|Maintained by FDOT|
|Length:||84.28 mi (135.64 km)|
|Existed:||1969 – present|
|West end:||CR 951 near East Naples|
|SR 29 near Immokalee|
|East end:||US 27 in Weston|
Alligator Alley (also known as Everglades Parkway) is a section of Interstate 75 (State Road 93) and State Road 84 extending from Naples on the west coast of Florida to Weston on the east. First opened in 1969, most of the highway traverses the Everglades.
The name was given by the American Automobile Association during planning; they believed it would be useless to cars, merely an "alley for alligators". However, as alligators often frequent the waterways beside the road, and occasionally the road itself, the nickname has developed a somewhat literal meaning.
Route description 
Alligator Alley itself is currently the portion of Interstate 75 that carries the hidden designation of Florida State Road 84. SR 84 is picked up at the east point at Exit 22, after straddling I-595 and I-75 as a frontage road for about 14.4 miles (23.2 km) prior. It then continues across rural Broward and Collier Counties, passing the lands of the Seminole Tribe of Florida, until letting go of SR 84 at Exit 101 in Naples.
Currently, automobile drivers pay a $3.00 toll ($2.75 for SunPass users) both eastbound and westbound, and it is one of only three tolled sections of Interstate 75. There are two exits along the roadway, neither of which charges a toll to enter or exit the highway.
It was originally built by H. L. Mills Construction Company as a two-lane tollway connecting the two coasts of Florida, as a part of State Road 84 (which is currently the hidden designation of the highway). After it was determined that I-75 was using this route for the Tampa-Miami extension instead of the Tamiami Trail in 1973, it was widened to four lanes between 1986 and 1992, with many bridges designed to let water and wildlife pass underneath. This helped to reduce the environmental impact of the highway somewhat, especially upon the severely endangered Florida panther, as well as reducing the danger of the highway, which was notorious for high-speed accidents.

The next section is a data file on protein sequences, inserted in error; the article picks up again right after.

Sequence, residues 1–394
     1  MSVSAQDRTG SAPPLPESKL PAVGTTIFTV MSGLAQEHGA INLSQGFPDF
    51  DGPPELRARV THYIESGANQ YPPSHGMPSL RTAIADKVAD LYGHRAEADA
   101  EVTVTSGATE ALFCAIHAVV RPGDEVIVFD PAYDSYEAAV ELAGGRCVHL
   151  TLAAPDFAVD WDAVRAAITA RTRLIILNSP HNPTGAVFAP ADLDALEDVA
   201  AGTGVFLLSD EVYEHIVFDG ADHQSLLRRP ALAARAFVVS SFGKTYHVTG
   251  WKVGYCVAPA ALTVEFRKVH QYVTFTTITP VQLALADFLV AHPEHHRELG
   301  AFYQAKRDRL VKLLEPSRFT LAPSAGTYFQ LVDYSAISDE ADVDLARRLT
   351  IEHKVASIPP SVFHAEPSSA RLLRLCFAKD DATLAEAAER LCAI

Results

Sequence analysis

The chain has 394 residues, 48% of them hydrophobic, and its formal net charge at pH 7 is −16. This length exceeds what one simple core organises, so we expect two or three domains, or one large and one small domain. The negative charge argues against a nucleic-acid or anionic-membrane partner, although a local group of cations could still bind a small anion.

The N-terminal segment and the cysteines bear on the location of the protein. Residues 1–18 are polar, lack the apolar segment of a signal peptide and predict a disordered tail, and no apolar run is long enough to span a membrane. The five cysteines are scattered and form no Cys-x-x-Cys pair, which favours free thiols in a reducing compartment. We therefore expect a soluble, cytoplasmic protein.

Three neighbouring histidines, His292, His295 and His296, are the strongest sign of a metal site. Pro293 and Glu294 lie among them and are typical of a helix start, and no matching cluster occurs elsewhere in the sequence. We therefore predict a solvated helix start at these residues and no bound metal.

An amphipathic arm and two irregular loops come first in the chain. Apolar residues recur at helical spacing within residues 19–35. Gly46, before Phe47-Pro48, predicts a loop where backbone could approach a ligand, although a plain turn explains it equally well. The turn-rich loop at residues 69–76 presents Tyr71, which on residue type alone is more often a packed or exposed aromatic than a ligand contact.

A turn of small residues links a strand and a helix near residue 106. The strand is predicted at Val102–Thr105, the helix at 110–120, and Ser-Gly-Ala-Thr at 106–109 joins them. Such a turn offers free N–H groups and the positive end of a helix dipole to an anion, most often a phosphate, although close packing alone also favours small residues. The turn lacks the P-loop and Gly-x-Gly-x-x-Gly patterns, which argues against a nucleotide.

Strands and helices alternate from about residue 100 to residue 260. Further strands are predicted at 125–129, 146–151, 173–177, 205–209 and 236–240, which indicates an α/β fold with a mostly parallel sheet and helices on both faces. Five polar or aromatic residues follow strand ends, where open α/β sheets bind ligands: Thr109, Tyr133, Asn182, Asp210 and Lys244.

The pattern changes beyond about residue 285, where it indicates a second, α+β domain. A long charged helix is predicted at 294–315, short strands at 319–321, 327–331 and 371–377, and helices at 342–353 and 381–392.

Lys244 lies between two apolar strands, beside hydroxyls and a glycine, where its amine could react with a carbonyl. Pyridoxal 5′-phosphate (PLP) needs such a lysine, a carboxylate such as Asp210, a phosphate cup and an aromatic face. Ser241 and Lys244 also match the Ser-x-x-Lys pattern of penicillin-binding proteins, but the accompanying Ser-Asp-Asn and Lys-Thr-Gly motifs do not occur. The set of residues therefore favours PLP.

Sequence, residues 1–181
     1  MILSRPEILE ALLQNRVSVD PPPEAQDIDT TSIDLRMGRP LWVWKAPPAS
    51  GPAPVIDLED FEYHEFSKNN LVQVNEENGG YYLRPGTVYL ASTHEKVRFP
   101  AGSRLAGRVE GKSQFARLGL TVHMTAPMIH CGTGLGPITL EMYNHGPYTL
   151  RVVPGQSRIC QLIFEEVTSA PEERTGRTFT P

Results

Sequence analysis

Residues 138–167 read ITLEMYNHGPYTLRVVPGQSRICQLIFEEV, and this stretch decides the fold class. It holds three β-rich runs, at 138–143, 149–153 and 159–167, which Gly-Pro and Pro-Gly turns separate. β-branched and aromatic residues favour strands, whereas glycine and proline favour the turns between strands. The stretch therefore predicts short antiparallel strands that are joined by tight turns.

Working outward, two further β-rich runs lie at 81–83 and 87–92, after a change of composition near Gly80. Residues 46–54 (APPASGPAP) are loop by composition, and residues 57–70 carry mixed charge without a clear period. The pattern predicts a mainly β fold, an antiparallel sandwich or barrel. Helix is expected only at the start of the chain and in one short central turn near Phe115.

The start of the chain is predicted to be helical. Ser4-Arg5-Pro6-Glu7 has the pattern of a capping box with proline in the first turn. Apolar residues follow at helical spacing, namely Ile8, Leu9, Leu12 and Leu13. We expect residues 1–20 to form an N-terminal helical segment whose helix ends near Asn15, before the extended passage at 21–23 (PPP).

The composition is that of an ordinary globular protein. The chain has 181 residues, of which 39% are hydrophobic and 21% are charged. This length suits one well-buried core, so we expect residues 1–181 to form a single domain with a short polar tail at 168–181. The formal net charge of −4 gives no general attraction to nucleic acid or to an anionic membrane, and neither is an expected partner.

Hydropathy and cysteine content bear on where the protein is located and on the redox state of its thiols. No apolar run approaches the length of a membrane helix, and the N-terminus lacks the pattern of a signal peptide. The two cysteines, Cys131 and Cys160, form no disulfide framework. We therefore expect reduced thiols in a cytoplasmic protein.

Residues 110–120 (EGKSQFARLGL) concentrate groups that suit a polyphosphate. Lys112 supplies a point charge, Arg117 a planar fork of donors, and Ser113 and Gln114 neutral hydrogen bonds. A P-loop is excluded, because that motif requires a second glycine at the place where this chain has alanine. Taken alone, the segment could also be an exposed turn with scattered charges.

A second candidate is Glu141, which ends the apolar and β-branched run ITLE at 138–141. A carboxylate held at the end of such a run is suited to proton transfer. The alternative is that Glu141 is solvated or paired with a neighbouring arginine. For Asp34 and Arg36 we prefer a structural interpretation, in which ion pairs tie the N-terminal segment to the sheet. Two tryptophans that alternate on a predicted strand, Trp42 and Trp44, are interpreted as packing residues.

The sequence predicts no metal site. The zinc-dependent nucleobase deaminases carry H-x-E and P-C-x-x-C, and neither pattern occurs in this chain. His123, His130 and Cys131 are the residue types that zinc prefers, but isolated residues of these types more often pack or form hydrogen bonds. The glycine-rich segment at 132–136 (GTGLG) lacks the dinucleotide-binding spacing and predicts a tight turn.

In January 2000, the west end toll plaza of Alligator Alley was dedicated to the memory of Edward J. Beck, a toll taker who was murdered while on the job, January 30, 1974.
Rest areas 
- Broward County – Rest Area half-way between Exits 23 & 49 at mile marker 35. BSO Fire Station 106 is located next to the rest area.
- Collier County – Rest Area half-way between Exits 49 & 80 at mile marker 63
Exit list 
Note: Mileage is based on I-75 mileage.
|County||Location||Mile||km||Old exit||New exit||Destinations||Notes|
||101.284||163.001||15||101||CR 951 (Collier Boulevard) to SR 84 – Naples, Marco Island||Northern terminus of Alligator Alley|
|Toll Plaza ($3.00 southbound, $2.75 with SunPass)|
|80.048||128.825||14A||80||SR 29 – Immokalee|
|Collier County rest area|
||Miccosukee Indian Reservation||49.4284||79.5473||14||49||CR 833 (Snake Road)|
|Broward County rest area|
|Toll Plaza ($3.00 northbound, $2.75 with SunPass)|
|Weston||23.494||37.810||13||23||US 27 – Miami, South Bay|
|21.119||33.988||11||21||SR 84 (Indian Trace)||Northbound only|
|Sunrise||17.379||27.969||10||19||I-595 east (Port Everglades Expressway) / SR 869 north (Sawgrass Expressway) – Fort Lauderdale, Coral Springs, West Palm Beach||Southern terminus of Alligator Alley|
- "National Highway Planning Network GIS data". FHWA. version 2005.08. Archived from the original on July 01 2007. Retrieved July 9, 2007.
- "Alligator Alley Story. Taken from Alligator Alley by August Burghard". Retrieved June 25, 2012.
- "South Florida Roads". Archived from the original on November 8, 2004. Retrieved July 3, 2006.
- "It Will Be 7 Years Before Highway Network Is A Reality". Sarasota Herald-Tribune April 2, 1973: 9A
- Wayne, Leslie (June 5, 2009). "Politics and the Financial Crisis Slow the Drive to Privatize". New York Times. Archived from the original on June 09 2009. Retrieved June 4, 2009.
- Staff. "2009 Boundary and Annexation Survey Maps". U.S. Census Bureau. Retrieved June 4, 2009.
- Staff. "FDOT Interchange Report" (PDF). Florida Department of Transportation. Retrieved October 4, 2007.